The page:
Two organizations have recently released new reports that reveal the extent of the economic losses caused by occupational licensing and that make a powerful case for the need for occupational licensing reform.
The Institute for Justice (IJ) has released a new report, titled “At What Cost? State and National Estimates of the Economic Costs of Occupational Licensing,” that found the cost of occupational licensing includes almost 2 million lost jobs and billions of dollars in lost output.
According to IJ’s report, which analyzed the data set of 36 states:
- Approximately 19% of American workers are now licensed, an increase from just 5% in the 1950s.
- Licensing may cost the national economy more than 1.8 million jobs, with a range from 6,952 in Rhode Island to 195,917 in California.
- Licensing may cost the national economy more than 6.2 billion in lost output, with a range from $27.9 million in Rhode Island to $840.4 million in California.
- Licensing may cost the national economy more than $183.9 billion in misallocated resources, with a range from $675 million in Rhode Island to $22.1 billion in California.
- Occupational licensing hurts both consumers and the national economy because it restricts competition, which leads to higher prices, fewer jobs, and reduced economic activity.
And last month, the Foundation for Government Accountability (FGA) released a new study urging occupational licensing reform. According to FGA’s report, occupational licensing “has little effect on public safety,” “can reduce service quality,” and “harms low-income individuals” who may not have the time or money to complete licensing requirements.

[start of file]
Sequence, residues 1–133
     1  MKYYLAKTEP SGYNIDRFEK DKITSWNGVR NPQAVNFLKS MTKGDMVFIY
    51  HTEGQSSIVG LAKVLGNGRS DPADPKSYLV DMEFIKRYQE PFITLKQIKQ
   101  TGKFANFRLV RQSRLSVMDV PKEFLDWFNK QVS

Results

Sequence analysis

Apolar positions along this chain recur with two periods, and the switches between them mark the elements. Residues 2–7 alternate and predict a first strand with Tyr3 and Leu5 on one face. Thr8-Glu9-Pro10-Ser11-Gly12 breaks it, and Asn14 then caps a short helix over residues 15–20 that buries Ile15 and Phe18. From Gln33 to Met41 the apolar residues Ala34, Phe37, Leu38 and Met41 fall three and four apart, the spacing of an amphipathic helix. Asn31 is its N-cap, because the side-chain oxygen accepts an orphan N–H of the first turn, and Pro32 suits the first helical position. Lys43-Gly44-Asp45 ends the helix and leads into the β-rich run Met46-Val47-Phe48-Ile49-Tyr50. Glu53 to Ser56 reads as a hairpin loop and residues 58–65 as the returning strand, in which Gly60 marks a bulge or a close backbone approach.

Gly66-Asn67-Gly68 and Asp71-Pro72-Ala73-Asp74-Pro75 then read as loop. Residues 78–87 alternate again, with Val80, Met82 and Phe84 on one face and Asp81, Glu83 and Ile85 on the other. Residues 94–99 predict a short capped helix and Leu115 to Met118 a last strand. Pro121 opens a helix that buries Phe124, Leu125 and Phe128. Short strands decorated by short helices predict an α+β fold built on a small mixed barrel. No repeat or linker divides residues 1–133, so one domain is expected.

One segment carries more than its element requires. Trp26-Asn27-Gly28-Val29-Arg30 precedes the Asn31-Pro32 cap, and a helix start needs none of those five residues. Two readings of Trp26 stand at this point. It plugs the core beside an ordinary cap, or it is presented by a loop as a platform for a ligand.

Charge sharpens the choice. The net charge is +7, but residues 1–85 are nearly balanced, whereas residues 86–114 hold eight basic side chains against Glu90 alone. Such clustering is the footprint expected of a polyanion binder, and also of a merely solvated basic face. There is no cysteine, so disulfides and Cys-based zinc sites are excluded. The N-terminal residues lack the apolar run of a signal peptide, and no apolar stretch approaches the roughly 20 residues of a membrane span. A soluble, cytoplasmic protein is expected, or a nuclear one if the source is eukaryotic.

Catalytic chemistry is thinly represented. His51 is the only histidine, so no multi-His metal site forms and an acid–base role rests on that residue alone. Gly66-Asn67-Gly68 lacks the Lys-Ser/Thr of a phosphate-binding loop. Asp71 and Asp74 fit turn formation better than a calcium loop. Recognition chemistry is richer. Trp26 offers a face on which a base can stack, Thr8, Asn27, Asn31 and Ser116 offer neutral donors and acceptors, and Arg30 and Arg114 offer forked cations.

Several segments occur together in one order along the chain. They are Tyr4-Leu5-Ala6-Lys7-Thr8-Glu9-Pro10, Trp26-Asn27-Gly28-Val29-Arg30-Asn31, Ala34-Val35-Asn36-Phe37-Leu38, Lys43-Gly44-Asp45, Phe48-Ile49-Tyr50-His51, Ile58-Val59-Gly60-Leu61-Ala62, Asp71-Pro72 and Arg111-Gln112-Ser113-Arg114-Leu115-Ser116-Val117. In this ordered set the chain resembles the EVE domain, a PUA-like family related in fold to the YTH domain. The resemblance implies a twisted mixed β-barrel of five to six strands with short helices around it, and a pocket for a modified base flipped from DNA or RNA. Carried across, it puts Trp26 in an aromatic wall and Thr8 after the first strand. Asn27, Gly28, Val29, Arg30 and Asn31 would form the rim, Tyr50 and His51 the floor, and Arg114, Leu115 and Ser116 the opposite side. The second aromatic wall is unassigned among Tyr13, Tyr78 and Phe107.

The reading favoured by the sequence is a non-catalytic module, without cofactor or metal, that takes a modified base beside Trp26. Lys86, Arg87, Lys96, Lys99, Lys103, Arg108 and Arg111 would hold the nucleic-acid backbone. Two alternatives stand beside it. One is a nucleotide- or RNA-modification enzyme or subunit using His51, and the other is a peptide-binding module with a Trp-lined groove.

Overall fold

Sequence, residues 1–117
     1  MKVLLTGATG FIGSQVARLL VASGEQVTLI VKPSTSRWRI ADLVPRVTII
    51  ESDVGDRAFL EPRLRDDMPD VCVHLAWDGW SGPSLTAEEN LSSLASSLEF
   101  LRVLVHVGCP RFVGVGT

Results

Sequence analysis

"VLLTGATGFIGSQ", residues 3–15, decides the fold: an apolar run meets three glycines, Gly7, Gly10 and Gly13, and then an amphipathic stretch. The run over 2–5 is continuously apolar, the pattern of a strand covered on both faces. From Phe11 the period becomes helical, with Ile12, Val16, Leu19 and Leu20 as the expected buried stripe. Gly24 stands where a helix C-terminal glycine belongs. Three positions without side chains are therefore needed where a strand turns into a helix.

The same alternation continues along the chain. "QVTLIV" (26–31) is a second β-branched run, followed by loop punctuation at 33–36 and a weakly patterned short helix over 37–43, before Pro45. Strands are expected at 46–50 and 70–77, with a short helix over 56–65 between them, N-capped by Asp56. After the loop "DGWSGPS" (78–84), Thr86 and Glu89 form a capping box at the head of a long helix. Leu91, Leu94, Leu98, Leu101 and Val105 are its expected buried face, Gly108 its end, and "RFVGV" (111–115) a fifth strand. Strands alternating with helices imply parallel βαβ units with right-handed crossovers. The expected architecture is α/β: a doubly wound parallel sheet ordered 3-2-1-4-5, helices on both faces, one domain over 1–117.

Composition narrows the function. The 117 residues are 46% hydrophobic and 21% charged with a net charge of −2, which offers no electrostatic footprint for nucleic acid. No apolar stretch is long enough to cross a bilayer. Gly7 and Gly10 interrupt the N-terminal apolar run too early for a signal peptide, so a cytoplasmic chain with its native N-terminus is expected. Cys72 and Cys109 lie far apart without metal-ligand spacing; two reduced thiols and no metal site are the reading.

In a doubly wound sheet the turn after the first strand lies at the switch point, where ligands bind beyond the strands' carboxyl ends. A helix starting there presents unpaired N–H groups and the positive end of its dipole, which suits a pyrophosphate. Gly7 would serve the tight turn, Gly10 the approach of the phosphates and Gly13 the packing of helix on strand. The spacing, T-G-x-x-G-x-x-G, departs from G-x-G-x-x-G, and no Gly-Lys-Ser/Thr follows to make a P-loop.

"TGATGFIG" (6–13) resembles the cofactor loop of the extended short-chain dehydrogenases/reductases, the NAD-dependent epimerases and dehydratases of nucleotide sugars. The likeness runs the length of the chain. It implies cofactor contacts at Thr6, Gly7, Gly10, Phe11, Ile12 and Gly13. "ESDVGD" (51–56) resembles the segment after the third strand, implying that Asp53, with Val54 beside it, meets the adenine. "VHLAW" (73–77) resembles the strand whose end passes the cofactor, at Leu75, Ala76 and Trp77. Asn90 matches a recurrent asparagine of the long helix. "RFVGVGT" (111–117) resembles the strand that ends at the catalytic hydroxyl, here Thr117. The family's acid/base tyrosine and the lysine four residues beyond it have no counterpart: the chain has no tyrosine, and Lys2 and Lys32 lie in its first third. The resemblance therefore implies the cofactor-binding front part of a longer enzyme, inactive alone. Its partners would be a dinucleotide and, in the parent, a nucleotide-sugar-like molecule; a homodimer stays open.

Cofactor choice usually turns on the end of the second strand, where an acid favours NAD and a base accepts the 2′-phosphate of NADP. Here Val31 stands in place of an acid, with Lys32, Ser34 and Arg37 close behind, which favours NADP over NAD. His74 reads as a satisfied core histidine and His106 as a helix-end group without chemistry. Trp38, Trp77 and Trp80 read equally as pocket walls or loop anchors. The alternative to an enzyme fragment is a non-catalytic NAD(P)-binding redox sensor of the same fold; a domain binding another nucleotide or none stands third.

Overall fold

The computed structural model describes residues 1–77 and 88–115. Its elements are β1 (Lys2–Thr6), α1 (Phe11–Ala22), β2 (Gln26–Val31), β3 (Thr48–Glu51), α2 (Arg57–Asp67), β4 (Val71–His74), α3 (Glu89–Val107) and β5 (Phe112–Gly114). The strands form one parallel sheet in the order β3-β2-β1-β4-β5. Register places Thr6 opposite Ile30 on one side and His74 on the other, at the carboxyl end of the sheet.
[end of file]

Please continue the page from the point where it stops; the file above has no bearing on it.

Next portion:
Occupational licensing has existed in many forms and industries throughout the states, such as requiring licenses to braid hair in Missouri and New Jersey, to teach make-up application in North Carolina, to arrange flowers and thread eyebrows in Louisiana, and to groom pets in New Jersey, among many others. These requirements make it difficult for people to earn a living or to move between states.
“With record-low unemployment and millions of available jobs across the country, now is the opportune time to unleash the freedom to work. Lawmakers have an unprecedented opportunity to reform unnecessary and burdensome regulations that prevent people from finding jobs—while also protecting public safety and ensuring quality control,” said Jared Meyer, Senior Fellow at FGA.
This summer, President Trump signed the Strengthening Career and Technical Education for the 21st Century Act, which provides states with funding to study the effects of occupational licenses and certifications. The reports from IJ and FGA show that unnecessary or overly burdensome occupational licensing hurts Americans, and governors and state legislators should use this information to make it easier for Americans to earn a living.
The views expressed here are those of the author and do not represent those of any other individual or entity. Follow Sarah on Twitter: @sarahmquinlan.